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Cancer During COVID: Hard Pass, Thanks

On January 17 of this year, I got the call informing me that I was diagnosed with DCIS (Ductal Carcinoma In Situ), a non-invasive form of breast cancer, referred to as Stage 0 because it’s confined to the milk ducts of the breast. While it’s non-life threatening, and could’ve been much, much worse, it was still a big shock to the system, psychologically, emotionally, and physically. I was asymptomatic with no lump to feel. It was caught on my routine mammogram back in mid-December 2019.

Mine was aggressive with the potential to turn into invasive cancer at some point, so off I went into treatment in the middle of the pandemic. This included three surgeries in five weeks to remove the bad cells, 16 radiation treatments over three weeks, and many other procedures along the way (biopsy, MRI, genetic testing, CT scan, six COVID tests, and x-rays and mammography images galore). I finished my conventional treatment on July 23 and am now in maintenance mode (thank goodness!), complemented by working with an integrative doctor to take a holistic approach to my survivorship and prevent recurrence.

I share all this because we never know what life will throw at us at any time that will challenge us and rock us to our core when we least expect it. Breast cancer is not in my family, and while my diet was by no means perfect, I didn’t do too badly (though sugar was definitely my weakness – and whiskey. OK, vodka too. I got myself a tattoo of a Cosmopolitan martini back when I turned 40 if that tells you anything!). We cook at home most of the time, and I exercise regularly. I’ve been more concerned about heart disease and diabetes over the years and never had this on my radar. Once through the initial shock, disbelief, and crying, I told my husband that it was unacceptable. I’ve got too much going on and too many people to support through my work for this to be anything but unacceptable and it had to be vanquished, no matter what.

Everything about any cancer diagnosis is wrenching, from processing through it and grieving your life before it, to telling people, to researching all of the options for conventional and unconventional treatment and about your particular brand of it, to clearing bad food, personal care, and household products out of your home and upending your family in the process, to learning how to cook and store food differently, to the time suck and physical effects of treatment, to facing your own mortality – everything.

And yet, it’s also been a great gift in my middle age to really make my health a priority and re-work things in my business that I needed to tend to for a while. My mom died of skin cancer in 2016 and it was a five-month whirlwind from start to finish – that’s all – five months from diagnosis to death because she kept it hidden over a fear of healthcare professionals from medical traumas she had throughout her life. Since that time, I’ve been dealing with insomnia, which I’m sure contributed to my own situation, and work was sporadic and brought its own stressors. It was time to get the proverbial house in order and my little backside in gear.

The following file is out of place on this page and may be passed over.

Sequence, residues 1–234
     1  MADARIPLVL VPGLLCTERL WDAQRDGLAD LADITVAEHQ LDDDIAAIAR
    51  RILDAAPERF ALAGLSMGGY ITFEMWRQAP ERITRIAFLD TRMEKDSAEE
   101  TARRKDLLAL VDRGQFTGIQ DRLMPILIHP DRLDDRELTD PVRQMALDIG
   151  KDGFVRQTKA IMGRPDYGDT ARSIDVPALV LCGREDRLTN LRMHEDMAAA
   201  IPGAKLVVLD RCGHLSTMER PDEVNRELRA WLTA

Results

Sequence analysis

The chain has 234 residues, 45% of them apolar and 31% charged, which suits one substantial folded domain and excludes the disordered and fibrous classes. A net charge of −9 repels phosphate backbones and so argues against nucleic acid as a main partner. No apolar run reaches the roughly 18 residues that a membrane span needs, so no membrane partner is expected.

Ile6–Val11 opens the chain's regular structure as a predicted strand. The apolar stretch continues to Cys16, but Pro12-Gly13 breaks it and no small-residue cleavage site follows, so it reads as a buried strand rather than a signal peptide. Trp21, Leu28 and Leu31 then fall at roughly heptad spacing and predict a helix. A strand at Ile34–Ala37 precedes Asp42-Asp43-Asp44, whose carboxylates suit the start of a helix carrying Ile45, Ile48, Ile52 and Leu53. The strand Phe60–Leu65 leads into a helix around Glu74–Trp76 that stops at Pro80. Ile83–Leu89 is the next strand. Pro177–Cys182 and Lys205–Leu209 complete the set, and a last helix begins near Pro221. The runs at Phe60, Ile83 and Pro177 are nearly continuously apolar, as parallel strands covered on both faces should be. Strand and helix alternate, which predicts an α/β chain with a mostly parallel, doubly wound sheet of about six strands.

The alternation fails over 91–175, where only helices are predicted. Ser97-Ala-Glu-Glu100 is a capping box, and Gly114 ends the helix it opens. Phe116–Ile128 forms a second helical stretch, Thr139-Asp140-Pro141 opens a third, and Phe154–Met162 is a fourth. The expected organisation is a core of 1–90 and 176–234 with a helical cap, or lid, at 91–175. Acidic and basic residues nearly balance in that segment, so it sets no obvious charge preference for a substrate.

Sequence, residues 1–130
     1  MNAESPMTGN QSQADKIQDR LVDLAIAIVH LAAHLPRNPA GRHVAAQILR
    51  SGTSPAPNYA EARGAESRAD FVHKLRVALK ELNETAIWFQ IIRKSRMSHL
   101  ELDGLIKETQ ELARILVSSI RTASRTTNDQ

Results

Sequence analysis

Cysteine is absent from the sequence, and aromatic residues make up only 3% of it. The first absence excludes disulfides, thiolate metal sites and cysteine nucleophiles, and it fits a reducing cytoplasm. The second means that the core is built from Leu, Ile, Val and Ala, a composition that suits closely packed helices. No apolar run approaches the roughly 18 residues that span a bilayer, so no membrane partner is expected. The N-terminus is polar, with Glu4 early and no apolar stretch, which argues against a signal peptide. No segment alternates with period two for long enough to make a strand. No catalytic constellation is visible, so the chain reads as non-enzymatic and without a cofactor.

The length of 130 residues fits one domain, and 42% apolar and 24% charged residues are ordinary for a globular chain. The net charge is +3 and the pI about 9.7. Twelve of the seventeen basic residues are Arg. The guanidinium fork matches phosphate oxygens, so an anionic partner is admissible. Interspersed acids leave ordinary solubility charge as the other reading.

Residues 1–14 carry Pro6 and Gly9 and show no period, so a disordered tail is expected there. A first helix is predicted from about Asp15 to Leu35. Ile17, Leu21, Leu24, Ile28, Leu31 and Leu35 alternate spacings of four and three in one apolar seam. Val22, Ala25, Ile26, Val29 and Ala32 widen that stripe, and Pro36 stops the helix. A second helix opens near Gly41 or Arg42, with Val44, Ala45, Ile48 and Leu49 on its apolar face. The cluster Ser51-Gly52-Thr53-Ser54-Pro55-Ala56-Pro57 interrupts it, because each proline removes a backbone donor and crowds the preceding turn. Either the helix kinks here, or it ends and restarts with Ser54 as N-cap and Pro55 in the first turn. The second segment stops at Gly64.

While I’ve learned a lot about cancer these last seven months, and about vegan products (who knew there were so many types of flour to cook with?), where toxins lurk, how important it is to do your medical screenings (even during the pandemic), how lidocaine shots hurt like a *$@!, and how easy it can be for people to go bankrupt from medical bills without good insurance, I’ve learned a couple additional lessons to share here with you.

  1. Whatever goal you have that’s out there somewhere in the distance, whether for your personal or professional growth, lifestyle, relationships, or anything else, work toward it now. There’s risk in anything that’s important and worth doing, and yet, life is very short, even though there are days when things seem to drag on and on (like being at home so much here in the days of COVID). So break it down into steps and get it done. Stop wasting time, however you do so (we all do). It’s worth the risk if it means living a full life that brings you joy. No more excuses. There are always things you can do, regardless of your circumstances, to move forward in your life.
  2. Open your heart and mind to people, even if, like me, you’re a private person or tend to be more reserved or keep things close. Again, it’s a risk, and as someone who’s had a lifelong fear of criticism and judgment, I’ve had to work through it and realize that connecting with people through both the heart and the head is the only way I’ll reach my potential as a coach. Hence, this article. The support I’ve received from friends and family these last few months and now, after learning about my story, has been invaluable and I’m incredibly grateful. Now, I can pass that along to my clients, being fully engaged with my whole heart and true to myself.

So, what’s your story? What are you going to do that you’ve been putting off or coming up with umpteen reasons to not do? What do you need to vanquish from your life to live it fully?

Tick tock…

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